Exposing Exposition


Say you have a story you want to tell. For argument’s sake, let’s further posit that this story doesn’t take place on Earth in the year 2010. It takes place in 2055, or on some other planet, or back in the Renaissance. Provided you’ve done your research or laid a good foundation in terms of notes, sketches or perhaps audio logs some post-apocalyptic adventurer will stumble across when our oil runs out, you know who’s who in the world in which your story takes place.

The reader, unfortunately, is likely not as acquainted with the setting as you are, especially if you made the world yourself. If that’s the case, nobody should know the world better than you. Until they start writing fanfiction – and if they do, my friend, then you’re doing just fine.

What I’m getting at is that sooner or later, you’ll need to introduce the settings, concepts and ‘rules’ of the realm in which your tale takes place. That means exposition. Expository writing isn’t really all that hard, as it’s mostly rattling off things already rattling around in your head. However, to the reader, the things you find so fascinating about the distant lands of Yourworldia can be downright boring if you don’t do it right.


I’m a big fan of Tolkien. I’ve talked before about how his descriptions can be a bit dry. The Silmarillion, something of a history of Middle-Earth, is basically a collection of his notes on the subject of how the world came to be and some of the myths and legends that propel the characters of The Hobbit and The Lord of the Rings. It’s about as fascinating as it is dry and difficult to read. The point is that it’s a novel-length exercise in expository writing.

Good exposition, in my experience, is woven into the plot, not set aside and served up as a very dry appetizer to the main course. It detracts from the flow of the plot and bores the reader.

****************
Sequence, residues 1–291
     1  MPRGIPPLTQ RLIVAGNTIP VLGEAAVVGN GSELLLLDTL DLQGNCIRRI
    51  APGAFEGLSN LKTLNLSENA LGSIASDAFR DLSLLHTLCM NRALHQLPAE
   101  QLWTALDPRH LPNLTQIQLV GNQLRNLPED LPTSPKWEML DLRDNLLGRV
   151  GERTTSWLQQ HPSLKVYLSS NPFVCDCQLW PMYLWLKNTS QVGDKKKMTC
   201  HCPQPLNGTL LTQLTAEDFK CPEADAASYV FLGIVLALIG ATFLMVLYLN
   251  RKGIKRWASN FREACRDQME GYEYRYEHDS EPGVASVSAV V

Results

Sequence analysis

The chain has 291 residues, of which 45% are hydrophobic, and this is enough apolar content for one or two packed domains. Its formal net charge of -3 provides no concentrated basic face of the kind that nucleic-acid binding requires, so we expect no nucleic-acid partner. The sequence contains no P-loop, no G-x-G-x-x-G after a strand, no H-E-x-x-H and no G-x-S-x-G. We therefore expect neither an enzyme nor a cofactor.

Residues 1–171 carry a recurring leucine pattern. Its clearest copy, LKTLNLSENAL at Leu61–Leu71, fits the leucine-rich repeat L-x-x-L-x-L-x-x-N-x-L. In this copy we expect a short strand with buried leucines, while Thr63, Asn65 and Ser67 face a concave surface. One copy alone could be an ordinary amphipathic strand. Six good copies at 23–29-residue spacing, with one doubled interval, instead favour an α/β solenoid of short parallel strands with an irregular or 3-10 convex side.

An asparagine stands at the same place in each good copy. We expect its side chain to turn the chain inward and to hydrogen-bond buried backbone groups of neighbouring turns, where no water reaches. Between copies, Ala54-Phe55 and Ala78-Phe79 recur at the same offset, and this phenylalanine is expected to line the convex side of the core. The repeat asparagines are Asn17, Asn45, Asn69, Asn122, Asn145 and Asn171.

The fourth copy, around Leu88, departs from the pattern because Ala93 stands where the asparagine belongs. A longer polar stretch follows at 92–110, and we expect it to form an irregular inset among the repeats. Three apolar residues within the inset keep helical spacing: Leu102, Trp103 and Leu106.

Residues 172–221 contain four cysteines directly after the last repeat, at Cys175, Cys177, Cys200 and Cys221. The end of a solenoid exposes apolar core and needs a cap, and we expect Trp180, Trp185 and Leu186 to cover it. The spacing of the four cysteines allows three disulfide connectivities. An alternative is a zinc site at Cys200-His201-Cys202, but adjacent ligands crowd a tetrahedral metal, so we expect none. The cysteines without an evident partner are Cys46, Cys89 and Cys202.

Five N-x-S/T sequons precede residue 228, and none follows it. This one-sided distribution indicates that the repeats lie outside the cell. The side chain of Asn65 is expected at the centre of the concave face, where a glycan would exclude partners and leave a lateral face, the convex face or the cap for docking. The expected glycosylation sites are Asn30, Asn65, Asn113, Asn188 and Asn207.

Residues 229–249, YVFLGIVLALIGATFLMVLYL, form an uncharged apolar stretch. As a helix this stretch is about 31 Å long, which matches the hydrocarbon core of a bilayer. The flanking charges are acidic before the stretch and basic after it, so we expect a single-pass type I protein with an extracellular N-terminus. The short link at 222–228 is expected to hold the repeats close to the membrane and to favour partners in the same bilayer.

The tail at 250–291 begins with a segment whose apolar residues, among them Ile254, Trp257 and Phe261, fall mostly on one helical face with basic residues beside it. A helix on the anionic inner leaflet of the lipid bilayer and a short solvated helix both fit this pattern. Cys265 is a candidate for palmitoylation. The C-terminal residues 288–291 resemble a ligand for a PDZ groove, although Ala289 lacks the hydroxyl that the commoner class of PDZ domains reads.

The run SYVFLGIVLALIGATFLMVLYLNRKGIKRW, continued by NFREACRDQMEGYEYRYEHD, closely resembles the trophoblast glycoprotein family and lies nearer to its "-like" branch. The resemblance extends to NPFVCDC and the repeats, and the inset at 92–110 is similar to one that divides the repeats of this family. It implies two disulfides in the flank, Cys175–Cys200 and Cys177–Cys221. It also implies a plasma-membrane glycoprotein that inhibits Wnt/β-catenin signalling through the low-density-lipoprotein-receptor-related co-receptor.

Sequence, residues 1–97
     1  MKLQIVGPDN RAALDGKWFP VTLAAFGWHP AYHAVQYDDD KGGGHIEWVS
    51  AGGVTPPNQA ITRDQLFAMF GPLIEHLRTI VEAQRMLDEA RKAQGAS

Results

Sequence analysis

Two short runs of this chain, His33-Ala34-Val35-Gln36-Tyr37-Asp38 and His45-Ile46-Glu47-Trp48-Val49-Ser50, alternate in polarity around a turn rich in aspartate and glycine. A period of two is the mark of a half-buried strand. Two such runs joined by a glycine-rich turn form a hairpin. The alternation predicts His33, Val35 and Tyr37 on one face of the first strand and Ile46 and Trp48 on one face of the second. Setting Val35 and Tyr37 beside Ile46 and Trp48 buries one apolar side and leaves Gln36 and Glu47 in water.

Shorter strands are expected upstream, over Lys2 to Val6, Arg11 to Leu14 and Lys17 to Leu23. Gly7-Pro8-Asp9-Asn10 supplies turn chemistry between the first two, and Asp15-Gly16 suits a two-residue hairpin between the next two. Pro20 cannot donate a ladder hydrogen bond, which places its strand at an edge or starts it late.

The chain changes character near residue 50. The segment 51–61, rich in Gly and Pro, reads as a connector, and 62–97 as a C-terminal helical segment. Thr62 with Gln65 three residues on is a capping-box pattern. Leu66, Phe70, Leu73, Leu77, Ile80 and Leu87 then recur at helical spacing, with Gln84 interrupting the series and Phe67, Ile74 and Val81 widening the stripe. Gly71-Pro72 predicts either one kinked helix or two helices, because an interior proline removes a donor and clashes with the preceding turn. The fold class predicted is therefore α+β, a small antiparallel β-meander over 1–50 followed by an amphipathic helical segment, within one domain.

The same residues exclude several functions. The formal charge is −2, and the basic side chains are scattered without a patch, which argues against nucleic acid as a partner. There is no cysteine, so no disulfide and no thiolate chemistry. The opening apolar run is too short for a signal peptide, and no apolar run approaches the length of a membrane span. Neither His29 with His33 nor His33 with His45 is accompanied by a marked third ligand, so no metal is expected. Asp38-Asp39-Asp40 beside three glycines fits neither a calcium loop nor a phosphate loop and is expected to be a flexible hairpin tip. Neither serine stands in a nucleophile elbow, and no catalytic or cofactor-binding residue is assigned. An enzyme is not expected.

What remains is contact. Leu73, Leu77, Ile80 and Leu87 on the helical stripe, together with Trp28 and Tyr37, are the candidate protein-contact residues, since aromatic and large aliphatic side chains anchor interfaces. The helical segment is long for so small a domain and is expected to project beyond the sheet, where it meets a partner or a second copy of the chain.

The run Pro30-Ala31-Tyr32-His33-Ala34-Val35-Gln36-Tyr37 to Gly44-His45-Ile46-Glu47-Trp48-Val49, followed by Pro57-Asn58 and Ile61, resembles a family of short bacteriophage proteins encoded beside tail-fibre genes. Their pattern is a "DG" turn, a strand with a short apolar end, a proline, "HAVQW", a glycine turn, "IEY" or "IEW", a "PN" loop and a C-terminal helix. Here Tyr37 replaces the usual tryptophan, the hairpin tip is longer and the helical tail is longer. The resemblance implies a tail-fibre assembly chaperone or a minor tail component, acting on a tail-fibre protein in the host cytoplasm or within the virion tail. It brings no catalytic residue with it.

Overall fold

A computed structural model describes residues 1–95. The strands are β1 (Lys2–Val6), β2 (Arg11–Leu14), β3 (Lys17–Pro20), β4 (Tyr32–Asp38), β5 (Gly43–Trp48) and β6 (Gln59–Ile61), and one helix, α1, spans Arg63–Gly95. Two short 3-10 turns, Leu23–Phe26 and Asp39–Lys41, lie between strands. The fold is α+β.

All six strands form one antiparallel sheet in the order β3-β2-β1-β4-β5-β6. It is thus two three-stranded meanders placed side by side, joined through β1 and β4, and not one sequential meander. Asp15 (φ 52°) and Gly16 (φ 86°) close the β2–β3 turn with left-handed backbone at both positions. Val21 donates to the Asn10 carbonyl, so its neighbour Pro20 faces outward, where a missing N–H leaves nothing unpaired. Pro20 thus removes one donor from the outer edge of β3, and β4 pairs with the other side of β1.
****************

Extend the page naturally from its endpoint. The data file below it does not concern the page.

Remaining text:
More on this later, perhaps.


  1. I agree, particularly with your example of Tolkien. I enjoy his works, but just like the belabored begats in the Bible, parts of it are just sooo difficult to get through!
    I hate to say it, but I have it easy as I write for games…I write the exposition and if the players want to read it-they do! Otherwise they’ll just have to find out in game.

  2. Good exposition, in my experience, is woven into the plot, not set aside and served up as a very dry appetizer to the main course.

    Yes, this. As a reader of speculative fiction, nothing takes me out of it more than obvious infodumps. Whenever two characters have a lengthy discussion about a topic with which they would both be intimately familiar, or, better still, the main character devotes a page of internal monologue to something that should be mundane to them… yeah. SF is plagued by a lot of ugly exposition in that vein, and it inevitably hurts your immersion and the credibility of the characters. When I start my car, I don’t usually think about the history of the internal combustion engine. I don’t drive along talking to my girlfriend about why gasoline became the fuel of choice.

    Now, I do have those discussions, mind you… but it requires a lot of careful craft to put a character in a situation to discuss something they take for granted, or even think about it in depth. Characters in literary fiction don’t say “I unlocked the door by inserting a shank of irregularly carved metal into a slot designed to receive it, behind which the hills and valleys of the key jostled a series of tumblers into place against their spring supports, allowing the cylinder of the lock to turn a gear which would then slide the bolt inside the door free of its receiving slot in the doorjamb, allowing me at last to turn the knob, remove a second bolt, and enter my home.”

    No. They take out their keys and open the door. More SF characters need to just take out their keys and open the door.

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